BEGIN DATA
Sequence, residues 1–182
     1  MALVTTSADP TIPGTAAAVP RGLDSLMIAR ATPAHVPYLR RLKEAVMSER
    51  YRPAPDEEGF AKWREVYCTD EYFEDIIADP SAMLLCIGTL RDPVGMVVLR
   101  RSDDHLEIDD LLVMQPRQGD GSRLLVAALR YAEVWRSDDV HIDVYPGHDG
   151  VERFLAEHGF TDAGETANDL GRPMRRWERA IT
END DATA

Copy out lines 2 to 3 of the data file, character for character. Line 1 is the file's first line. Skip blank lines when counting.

     1  MALVTTSADP TIPGTAAAVP RGLDSLMIAR ATPAHVPYLR RLKEAVMSER
    51  YRPAPDEEGF AKWREVYCTD EYFEDIIADP SAMLLCIGTL RDPVGMVVLR